Leo
January 4, 2006 9:24 PM

If your computer is off, then no, it cannot be hacked into.

Bill Pryor
March 2, 2006 11:15 PM

I am an expert pc user and spend 60 hours a week on my machine and have never had this happen... I turned off my firewall to access a program on my old pc on the home network. I imported a file from c:folder\subfolder. I left the firewall off and left my machine for 7 hours. When I came back all files had disappeared from the folder and were not in the recycle bin. I am the admin account and logged off before I walked away but left the pc running with the firewall off. Did someone hack in and delete all my images. How can I trace down the files or evidence that I was hacked. Lucky for me what's important is always transferred to cd or dvd and it was backed up.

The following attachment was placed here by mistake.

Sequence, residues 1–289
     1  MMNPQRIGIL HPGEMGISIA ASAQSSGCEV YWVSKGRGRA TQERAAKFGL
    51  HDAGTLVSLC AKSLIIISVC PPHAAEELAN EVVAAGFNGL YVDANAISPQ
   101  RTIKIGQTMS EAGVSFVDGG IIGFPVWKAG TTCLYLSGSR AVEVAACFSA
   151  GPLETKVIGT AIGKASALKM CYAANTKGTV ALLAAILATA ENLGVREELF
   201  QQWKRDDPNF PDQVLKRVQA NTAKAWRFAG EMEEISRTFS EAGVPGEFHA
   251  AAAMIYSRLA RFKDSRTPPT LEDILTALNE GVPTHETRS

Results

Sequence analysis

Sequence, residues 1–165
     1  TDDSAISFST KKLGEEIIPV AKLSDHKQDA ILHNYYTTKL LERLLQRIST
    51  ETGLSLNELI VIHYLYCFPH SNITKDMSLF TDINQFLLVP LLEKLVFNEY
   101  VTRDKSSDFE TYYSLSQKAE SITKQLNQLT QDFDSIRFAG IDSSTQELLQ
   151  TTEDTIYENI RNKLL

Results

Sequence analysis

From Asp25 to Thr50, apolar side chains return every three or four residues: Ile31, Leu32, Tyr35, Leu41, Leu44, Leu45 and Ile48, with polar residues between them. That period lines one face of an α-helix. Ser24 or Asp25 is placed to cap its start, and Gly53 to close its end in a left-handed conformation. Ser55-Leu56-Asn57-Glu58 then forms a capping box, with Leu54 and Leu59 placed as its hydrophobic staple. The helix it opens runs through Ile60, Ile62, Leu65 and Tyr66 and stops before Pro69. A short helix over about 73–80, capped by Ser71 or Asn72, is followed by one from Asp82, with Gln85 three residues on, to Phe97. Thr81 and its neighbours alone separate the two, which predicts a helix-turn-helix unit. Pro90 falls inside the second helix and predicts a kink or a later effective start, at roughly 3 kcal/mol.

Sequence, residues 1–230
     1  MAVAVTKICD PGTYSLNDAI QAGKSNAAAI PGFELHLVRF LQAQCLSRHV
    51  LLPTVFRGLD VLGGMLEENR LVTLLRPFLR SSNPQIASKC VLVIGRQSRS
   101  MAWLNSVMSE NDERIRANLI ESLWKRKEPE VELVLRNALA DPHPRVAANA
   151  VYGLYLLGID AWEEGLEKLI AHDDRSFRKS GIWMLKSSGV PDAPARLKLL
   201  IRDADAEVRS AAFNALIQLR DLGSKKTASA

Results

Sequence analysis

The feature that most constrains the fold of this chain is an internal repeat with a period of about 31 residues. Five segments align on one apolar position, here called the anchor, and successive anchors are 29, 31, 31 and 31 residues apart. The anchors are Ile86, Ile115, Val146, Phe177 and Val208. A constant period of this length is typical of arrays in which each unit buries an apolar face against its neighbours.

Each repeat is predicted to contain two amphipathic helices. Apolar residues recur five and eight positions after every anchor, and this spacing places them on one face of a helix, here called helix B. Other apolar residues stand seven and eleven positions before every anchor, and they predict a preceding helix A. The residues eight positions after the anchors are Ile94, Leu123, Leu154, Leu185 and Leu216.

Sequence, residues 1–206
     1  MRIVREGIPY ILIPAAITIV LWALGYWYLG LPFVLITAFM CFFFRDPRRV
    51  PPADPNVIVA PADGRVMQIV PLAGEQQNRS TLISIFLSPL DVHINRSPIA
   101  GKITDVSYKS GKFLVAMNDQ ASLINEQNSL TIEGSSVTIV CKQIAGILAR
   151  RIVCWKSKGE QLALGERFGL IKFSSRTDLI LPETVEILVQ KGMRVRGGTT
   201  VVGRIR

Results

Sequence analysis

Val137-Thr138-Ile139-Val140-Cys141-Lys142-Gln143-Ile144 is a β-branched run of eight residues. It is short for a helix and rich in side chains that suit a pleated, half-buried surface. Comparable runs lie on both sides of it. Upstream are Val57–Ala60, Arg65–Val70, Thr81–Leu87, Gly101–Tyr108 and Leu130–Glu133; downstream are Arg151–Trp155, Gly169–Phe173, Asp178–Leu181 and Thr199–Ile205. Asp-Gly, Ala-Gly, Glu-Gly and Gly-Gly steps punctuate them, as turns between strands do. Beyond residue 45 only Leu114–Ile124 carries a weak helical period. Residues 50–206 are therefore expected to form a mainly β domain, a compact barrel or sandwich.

Karl
March 3, 2006 3:00 PM

Recent: While playing AOE on MSN zone, A hacker who didn't want to lose was able to terminate my DSL connection? How? and what can I do to prevent this or track it?

Dave
March 28, 2006 10:46 AM

“Well, for one thing, make sure that any sensitive web surfing you might choose to do, such as banking or on-line shopping, is always done via a secure connection. Even better ... wait until you're home to do those things.”

I am going to be away from home for a significant period this year and cannot wait until I get home to pay bills, etc. I do I evaluate whether I have a secure connection?

Leo
March 28, 2006 10:50 AM

The simplest is making sure that the connection is "https" from any login screen onward.